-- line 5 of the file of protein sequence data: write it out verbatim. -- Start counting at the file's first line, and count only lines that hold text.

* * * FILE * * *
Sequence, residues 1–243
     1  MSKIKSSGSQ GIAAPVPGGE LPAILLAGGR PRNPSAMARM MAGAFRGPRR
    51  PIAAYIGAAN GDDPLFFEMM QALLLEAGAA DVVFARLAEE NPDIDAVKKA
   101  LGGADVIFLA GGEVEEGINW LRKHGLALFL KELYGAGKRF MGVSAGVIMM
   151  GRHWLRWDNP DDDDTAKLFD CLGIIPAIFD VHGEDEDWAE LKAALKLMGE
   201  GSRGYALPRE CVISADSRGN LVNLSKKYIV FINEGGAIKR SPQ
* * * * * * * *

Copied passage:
   151  GRHWLRWDNP DDDDTAKLFD CLGIIPAIFD VHGEDEDWAE LKAALKLMGE